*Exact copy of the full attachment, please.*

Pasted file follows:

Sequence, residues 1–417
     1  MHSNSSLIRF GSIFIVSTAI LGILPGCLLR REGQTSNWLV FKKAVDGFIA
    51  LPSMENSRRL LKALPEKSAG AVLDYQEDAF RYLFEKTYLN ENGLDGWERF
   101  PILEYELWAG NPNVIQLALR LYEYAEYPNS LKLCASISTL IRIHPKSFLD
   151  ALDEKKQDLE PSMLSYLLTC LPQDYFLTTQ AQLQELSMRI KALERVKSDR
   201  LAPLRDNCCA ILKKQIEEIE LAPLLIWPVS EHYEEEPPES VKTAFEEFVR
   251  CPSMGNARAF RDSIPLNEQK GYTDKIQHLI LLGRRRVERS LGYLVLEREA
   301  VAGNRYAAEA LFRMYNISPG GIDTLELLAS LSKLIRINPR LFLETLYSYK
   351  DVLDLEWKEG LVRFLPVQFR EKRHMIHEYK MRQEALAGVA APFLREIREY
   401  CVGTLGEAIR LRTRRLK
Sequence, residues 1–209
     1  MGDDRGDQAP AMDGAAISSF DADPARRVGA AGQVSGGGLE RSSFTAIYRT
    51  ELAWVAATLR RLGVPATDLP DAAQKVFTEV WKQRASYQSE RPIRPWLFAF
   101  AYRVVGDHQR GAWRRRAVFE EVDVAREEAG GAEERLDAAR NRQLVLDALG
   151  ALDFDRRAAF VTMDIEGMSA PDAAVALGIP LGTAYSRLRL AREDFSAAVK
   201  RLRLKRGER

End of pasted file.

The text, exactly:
Sequence, residues 1–417
     1  MHSNSSLIRF GSIFIVSTAI LGILPGCLLR REGQTSNWLV FKKAVDGFIA
    51  LPSMENSRRL LKALPEKSAG AVLDYQEDAF RYLFEKTYLN ENGLDGWERF
   101  PILEYELWAG NPNVIQLALR LYEYAEYPNS LKLCASISTL IRIHPKSFLD
   151  ALDEKKQDLE PSMLSYLLTC LPQDYFLTTQ AQLQELSMRI KALERVKSDR
   201  LAPLRDNCCA ILKKQIEEIE LAPLLIWPVS EHYEEEPPES VKTAFEEFVR
   251  CPSMGNARAF RDSIPLNEQK GYTDKIQHLI LLGRRRVERS LGYLVLEREA
   301  VAGNRYAAEA LFRMYNISPG GIDTLELLAS LSKLIRINPR LFLETLYSYK
   351  DVLDLEWKEG LVRFLPVQFR EKRHMIHEYK MRQEALAGVA APFLREIREY
   401  CVGTLGEAIR LRTRRLK
Sequence, residues 1–209
     1  MGDDRGDQAP AMDGAAISSF DADPARRVGA AGQVSGGGLE RSSFTAIYRT
    51  ELAWVAATLR RLGVPATDLP DAAQKVFTEV WKQRASYQSE RPIRPWLFAF
   101  AYRVVGDHQR GAWRRRAVFE EVDVAREEAG GAEERLDAAR NRQLVLDALG
   151  ALDFDRRAAF VTMDIEGMSA PDAAVALGIP LGTAYSRLRL AREDFSAAVK
   201  RLRLKRGER